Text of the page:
The Logical Problem Of Evil: A New Approach -- By: Scott Coley
FM 24:2 (Spring 2007) p. 43
The Logical Problem Of Evil: A New Approach
Ph.D. Student in Philosophy
West Lafayette, Indiana
Ιn the following pages, I hope to lay the groundwork for a new approach to the problem of evil. In so doing, I will explore the implications of a world with free will and argue that the Greater Good theodicy is unnecessary, resting upon a theological framework that is extraneous to the main problems. I will suggest an alternative to the Greater Good theodicy which attacks heretofore unchallenged premises of both the logical and evidential formulations of the problem. Further, I will put forward a new argument for the inevitability of natural evil’s possibility in a world with freewill.
The problem of evil is one of the oldest problems in the history of philosophy. Having been examined by many great philosophers of antiquity and onward, it has as rich a wealth of literature as any problem to date; so it may seem as though it is unnecessary to look at the problem in a new way. But in the following framework, I hope to present a solution to the problem of evil based upon objections to heretofore unchallenged premises of the problem.1 1 will present a well-used argument that God must allow moral evil in a world with moral free will. I will then argue that God is morally justified in allowing occurrences of evil not because they lead to a greater good or prevent some worse evil but because it is necessary, in order for the existence of moral free will, that God allow for the possibility of moral evil.2 In order for God legitimately to allow the possibility of moral evil, he must allow moral evil to be actualized. Moreover, I will put forward a new argument that the physical possibility of natural evil is necessary in a world with moral free will. Therefore, as we shall see, it is necessary for God to allow both moral and natural evil in a world with free will.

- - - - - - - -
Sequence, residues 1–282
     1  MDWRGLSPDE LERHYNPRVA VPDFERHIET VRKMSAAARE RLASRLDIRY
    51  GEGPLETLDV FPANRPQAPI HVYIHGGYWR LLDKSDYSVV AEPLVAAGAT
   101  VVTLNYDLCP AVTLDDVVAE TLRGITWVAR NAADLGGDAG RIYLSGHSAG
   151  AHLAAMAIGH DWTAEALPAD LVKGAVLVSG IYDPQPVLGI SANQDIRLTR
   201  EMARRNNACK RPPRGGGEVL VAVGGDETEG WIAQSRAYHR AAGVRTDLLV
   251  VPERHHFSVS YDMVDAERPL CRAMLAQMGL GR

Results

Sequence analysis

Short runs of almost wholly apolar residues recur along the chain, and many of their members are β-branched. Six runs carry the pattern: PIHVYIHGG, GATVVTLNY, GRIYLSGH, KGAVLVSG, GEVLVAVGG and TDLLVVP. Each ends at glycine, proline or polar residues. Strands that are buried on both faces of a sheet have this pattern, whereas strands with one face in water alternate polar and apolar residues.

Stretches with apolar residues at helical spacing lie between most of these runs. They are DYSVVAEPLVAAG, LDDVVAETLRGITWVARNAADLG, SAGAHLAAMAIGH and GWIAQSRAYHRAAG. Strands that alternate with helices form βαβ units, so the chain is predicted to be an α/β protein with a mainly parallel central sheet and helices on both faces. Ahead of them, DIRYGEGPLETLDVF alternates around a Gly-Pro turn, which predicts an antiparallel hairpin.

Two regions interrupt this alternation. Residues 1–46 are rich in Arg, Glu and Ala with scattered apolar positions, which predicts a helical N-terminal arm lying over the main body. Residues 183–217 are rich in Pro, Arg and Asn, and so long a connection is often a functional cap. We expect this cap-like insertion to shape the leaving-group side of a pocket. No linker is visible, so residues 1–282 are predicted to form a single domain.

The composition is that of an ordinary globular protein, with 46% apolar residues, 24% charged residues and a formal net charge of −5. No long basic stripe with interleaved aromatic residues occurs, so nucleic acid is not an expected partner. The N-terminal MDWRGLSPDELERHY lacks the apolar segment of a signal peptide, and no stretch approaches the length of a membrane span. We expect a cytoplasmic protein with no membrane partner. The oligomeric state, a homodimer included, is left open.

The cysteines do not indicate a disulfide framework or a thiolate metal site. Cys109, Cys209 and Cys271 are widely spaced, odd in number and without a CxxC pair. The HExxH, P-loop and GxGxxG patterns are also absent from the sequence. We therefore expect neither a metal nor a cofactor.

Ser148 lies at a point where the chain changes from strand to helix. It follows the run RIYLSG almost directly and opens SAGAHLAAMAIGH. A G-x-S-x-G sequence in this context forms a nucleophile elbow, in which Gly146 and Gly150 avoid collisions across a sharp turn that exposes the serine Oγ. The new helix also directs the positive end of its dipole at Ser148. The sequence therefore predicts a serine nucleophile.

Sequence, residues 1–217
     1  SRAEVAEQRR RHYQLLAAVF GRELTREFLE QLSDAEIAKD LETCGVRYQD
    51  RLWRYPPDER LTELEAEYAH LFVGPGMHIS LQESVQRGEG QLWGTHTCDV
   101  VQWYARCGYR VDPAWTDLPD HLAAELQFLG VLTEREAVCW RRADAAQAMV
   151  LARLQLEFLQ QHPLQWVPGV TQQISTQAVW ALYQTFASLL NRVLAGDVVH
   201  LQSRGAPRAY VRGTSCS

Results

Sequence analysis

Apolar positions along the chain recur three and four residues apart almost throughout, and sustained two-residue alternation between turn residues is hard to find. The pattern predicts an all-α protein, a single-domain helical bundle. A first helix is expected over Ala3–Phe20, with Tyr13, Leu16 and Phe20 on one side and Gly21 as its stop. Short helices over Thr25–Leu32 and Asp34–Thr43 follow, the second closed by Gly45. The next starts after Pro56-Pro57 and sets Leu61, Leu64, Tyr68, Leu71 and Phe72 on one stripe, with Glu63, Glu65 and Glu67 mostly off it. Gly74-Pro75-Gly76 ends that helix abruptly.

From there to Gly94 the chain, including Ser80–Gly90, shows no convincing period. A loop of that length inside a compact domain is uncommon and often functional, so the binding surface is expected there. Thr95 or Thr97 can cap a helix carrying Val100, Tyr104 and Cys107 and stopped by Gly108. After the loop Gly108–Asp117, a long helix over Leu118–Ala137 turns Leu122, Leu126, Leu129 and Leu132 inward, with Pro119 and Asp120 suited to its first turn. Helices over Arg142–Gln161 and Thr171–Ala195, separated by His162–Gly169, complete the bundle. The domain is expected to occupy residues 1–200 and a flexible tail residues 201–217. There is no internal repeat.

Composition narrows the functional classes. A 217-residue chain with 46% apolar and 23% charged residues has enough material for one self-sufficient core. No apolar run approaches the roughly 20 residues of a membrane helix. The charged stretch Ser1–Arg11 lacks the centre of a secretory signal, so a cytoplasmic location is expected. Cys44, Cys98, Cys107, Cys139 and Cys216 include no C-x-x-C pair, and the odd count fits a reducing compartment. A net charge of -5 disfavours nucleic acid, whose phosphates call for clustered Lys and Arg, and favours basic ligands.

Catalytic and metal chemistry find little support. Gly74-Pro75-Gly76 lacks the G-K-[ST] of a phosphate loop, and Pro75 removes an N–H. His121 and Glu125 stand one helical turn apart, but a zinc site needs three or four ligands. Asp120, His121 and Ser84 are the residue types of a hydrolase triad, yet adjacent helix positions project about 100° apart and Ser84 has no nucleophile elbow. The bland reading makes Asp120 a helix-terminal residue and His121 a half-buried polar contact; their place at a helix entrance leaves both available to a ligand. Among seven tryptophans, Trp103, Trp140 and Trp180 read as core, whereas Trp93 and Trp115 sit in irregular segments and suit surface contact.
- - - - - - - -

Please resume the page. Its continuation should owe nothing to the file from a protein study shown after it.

FM 24:2 (Spring 2007) p. 44
Let us turn now to the main problems, building our argument from there. Epicurus articulates the logical problem of evil as follows:
God either wishes to take away evils and is unable; or he is able, and is unwilling; or he is neither willing nor able; or he is both willing and able. If he is willing and unable, he is feeble, which does not agree with the character of God; if he is able and unwilling, he is malicious, which is equally at odds with God; if he is neither willing nor able, he is both malicious and feeble and therefore not God; if he is both willing and able, which is alone suitable to God, from what source then come e...
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